Date Published: June 12, 2019
Publisher: Public Library of Science
Author(s): Maike Winters, Anna Larsson, Jan Kowalski, Carl Johan Sundberg, Wolfgang Glanzel.
The news media is a key source for health and medical information, and relies to a large degree on material from press releases (PR). Medical universities are key players in the dissemination of PRs. This study aims to 1) explore the relation between the quality of press releases (PRs) from medical universities and their corresponding news stories (NSs) and 2) to identify the likelihood that specific scientific and interest-raising measures appear or are omitted in PRs and NSs.
In this retrospective study using quantitative content analysis, PRs (n = 507) from 21 medical universities in Germany, the Netherlands, Sweden, the USA and the UK were retrieved. Of all PRs, 33% had media coverage, resulting in 496 NSs. With two codebooks, 18 scientific (e.g. reporting the study design of the study correctly) and 7 interest-raising measures (e.g. words like ‘ground-breaking’) were evaluated in the PRs and NSs. For all measures the percentage of presence in NSs and PRs was calculated, together with a Mean PR Influence Factor. Quality of PRs and NSs was defined as a score, based on 12 of the 18 scientific measures. Mean (SD) NS quality score was 6.5 (1.7) which was significantly lower than the PR score of 8.0 (1.5). The two quality scores were significantly correlated. Quality measures that were frequently omitted included reporting important study limitations (present in 21% of PRs, 21% of NSs), funding (59% of PRs, 7% of NSs) and conflicts of interest (16% of PRs, 3% of NSs). We did not evaluate the quality of the scientific papers (SPs), and can therefore not determine if the quality of PRs and NSs is associated with the quality of SPs.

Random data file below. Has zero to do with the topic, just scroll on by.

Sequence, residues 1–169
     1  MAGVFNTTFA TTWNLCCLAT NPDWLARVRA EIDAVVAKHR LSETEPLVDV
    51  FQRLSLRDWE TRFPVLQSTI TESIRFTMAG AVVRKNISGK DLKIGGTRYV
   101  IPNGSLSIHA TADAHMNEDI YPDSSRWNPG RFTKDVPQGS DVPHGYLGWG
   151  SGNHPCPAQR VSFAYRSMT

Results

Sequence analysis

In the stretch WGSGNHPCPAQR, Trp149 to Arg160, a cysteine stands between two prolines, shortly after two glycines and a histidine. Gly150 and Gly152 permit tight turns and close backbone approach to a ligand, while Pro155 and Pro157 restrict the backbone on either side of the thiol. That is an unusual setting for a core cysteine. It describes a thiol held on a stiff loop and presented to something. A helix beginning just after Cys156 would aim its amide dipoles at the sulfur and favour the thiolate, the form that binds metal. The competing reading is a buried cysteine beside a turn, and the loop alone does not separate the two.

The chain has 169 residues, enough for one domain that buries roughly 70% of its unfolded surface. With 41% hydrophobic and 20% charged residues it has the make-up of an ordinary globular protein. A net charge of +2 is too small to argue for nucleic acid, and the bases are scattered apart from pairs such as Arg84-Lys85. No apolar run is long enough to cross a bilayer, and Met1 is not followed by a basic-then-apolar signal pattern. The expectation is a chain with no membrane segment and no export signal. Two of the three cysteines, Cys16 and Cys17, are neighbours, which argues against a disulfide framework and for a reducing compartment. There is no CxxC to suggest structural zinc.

This large study of medical university press releases and corresponding news stories showed that important measures of a scientific study such as funding and study limitations were omitted to a very large extent. The lay public and health personnel as well as policy makers, politicians and other decision makers may be misled by incomplete and partly inaccurate representations of scientific studies which could negatively affect important health-related behaviours and decisions.
The media are an important source of information about developments in science for the general public. Of all scientific disciplines, Europeans reportedly find health and medical care most important. News media have the power not only to influence people’s beliefs and attitudes around medical topics, but also to affect healthcare seeking behaviour[2–6]. For instance, a Danish study found that negative news coverage surrounding statin-use was associated with decreased use of statins, increased myocardial infarction and death from cardiovascular disease. Furthermore, a 10-year analysis of trends of SSRI prescription drug use in the Netherlands and the UK found that changes in its use were associated with a combination of media attention and regulatory warnings. Generally, it has been stated that the more a disease is discussed in the media, the more serious the disease is perceived to be by the lay public.